Wednesday, March 10, 2010

Environmentalism: make it a non-prophet organisation please

Bit slow with this one. Peter Preston asks, where are the Elijahs of the environment?
"And the plain fact is that we surely need a prophet, not yet another committee. We need one passionate, persuasive scientist who can connect and convince – not because he preaches apocalypse in gory detail, but in simple, overwhelming terms. We need to be taught to believe by a true believer in a world where belief is the fatal, missing ingredient."
As someone who knows very little about this subject but a fair bit about religion, I would have thought this is the last thing environmentalism needs - forming as it does part of the problem rather than the solution.

I assume global warming is a reality and would like to be told in a rational manner what is likely to happen and what our option are. Instead I am confronted with behaviour that is beyond question religious in character - and if environmentalism is to overcome scepticism, it has to become less religious. By this I mean it has to drop the assumption of moral superiority, cognitive infallibility and hypocrisy - the features of religion everywhere.

It might help, for example, if when confronted with dissenters, they could actually engage with the arguments - rather than simply branding them as heretics. The phrase that has gained currency here is 'deniers'. I appreciate it is probably too late to do anything about this but I really wish they wouldn't do this because it is stupid and offensive. It is derivative from the expression 'Holocoust deniers'. Howard Jacobson once remarked that those who deny it happened are the very ones who are glad it happened. Say what you like about 'global warming deniers', you can't draw an equivalence here, and not only because what they are denying lies in the likely future, rather than the past.

The assumption of moral superiority can also be seen in the manner in which interests are imputed to the 'denialists'. Why do they make the arguments they do? Because they are simply evil, seems to be the answer. I really don't get this. A self-employed 'libertarian' with a blog may or may not be a 'wingnut', whatever that means, but it isn't obvious to me that they have any more or less interests at stake than scientists who have careers and research budgets to defend.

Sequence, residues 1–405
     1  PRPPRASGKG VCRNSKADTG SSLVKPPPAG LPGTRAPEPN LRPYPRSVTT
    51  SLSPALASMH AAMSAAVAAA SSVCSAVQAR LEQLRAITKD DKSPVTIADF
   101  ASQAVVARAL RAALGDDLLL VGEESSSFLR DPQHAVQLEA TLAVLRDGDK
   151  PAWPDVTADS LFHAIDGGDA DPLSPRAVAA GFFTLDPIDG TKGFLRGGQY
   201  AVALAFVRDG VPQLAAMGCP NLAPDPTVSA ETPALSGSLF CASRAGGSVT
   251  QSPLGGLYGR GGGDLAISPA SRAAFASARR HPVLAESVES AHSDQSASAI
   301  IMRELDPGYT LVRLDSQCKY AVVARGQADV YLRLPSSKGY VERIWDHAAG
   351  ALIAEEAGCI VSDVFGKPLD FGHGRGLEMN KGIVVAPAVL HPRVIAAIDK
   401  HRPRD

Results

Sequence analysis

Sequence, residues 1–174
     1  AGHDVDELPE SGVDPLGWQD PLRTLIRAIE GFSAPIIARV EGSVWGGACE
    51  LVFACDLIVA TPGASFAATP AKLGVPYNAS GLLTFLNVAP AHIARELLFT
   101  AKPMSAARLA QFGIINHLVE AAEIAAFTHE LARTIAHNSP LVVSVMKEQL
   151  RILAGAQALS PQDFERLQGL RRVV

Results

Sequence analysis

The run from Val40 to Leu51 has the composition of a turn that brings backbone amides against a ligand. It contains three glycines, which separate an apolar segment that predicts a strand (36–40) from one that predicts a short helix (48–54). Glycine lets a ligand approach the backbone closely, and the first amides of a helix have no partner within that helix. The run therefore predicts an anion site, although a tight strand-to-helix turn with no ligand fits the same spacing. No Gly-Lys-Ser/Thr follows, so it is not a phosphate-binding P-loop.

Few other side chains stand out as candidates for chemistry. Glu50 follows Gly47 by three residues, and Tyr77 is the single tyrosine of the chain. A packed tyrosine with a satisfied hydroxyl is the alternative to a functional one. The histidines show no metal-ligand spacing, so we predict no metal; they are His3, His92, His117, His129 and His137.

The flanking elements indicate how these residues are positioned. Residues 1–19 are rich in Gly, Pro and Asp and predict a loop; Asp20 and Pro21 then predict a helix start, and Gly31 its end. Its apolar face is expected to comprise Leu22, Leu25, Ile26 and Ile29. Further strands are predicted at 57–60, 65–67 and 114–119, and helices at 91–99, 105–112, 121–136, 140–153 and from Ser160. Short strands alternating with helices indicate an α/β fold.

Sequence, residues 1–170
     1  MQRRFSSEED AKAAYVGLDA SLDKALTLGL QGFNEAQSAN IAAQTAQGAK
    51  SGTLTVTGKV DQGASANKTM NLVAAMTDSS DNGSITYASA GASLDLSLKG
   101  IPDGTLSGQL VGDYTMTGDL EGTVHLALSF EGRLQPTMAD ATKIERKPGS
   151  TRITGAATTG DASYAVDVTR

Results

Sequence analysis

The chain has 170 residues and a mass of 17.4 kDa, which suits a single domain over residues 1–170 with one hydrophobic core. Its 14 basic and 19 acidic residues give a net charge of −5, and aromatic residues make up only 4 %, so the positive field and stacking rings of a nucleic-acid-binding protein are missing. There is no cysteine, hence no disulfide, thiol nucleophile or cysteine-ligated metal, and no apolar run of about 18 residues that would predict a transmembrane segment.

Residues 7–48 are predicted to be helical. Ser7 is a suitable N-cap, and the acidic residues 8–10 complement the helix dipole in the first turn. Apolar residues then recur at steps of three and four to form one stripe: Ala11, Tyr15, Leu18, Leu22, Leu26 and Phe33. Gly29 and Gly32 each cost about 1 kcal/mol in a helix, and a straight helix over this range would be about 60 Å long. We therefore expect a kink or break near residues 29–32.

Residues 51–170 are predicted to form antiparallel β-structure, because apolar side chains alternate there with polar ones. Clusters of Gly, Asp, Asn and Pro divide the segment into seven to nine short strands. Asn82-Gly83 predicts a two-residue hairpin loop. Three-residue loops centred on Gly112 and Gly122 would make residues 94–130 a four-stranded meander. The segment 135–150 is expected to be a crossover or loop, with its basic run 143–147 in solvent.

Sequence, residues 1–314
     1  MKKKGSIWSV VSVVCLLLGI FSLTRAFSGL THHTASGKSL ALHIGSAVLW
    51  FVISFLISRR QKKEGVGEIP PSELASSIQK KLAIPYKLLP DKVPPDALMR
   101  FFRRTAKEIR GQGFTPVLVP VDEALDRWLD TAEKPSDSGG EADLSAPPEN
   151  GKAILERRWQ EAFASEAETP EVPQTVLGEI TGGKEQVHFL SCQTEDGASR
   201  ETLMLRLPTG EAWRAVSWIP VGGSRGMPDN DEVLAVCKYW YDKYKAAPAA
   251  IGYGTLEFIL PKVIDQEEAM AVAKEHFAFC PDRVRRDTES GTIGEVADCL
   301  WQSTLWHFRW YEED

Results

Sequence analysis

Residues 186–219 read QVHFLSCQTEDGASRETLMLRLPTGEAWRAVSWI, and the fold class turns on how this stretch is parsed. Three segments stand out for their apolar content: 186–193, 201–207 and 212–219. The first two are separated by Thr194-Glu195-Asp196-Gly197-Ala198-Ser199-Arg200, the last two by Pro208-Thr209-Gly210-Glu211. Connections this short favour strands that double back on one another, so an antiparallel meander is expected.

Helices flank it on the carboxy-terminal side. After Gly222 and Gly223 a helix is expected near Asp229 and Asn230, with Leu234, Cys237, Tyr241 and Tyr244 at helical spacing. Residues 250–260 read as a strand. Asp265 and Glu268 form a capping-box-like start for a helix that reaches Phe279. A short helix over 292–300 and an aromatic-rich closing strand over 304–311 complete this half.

Peter Preston wants a prophet who doesn't preach the apocalypse in 'gory detail'. But this is intrinsic to the role of the prophet. The purpose of foretelling catastrophe is to provide vindication to the faithful and prompt repentance amongst the back-sliders. The greater the catastrophe, the greater the need for moral reformation there is. A recognition that this is the tradition that the 'eco-prophets' we already have stand in might be helpful - because all the available evidence we have is that they are not helping matters.

Finally, there is the question of hypocrisy - and it's the one part of Preston's piece that might make sense when he says that environmentalism needs an advocate that believes. Because as an outside observer, it isn't obvious to me that the present crew actually do. Certainly some of their behaviour would suggest otherwise. Take George Monbiot, for example.

According to George, the ecologically destructive behaviour of a country with around 33 million inhabitants is such that it requires a nothing less than a visit from himself to halt their delinquent behaviour. This mission, he informs us, necessitated nothing less than a relinquishing of his 'self-imposed ban on flying'. It's worth reading why George banned himself from flying: here he argues that every time you board a plane, you are killing people. So what should we conclude from his decision to fly to Toronto: that he thinks while he may kill some people now, he will be saving more in the future? It's certainly possible that he is that arrogant - but I would have thought the more likely explanation for his behaviour is that he doesn't really believe that every time you board a plane, you are killing people. Over to George:
"When I challenge my friends about their planned weekend in Rome or their holiday in Florida, they respond with a strange, distant smile and avert their eyes. They just want to enjoy themselves. Who am I to spoil their fun? The moral dissonance is deafening."

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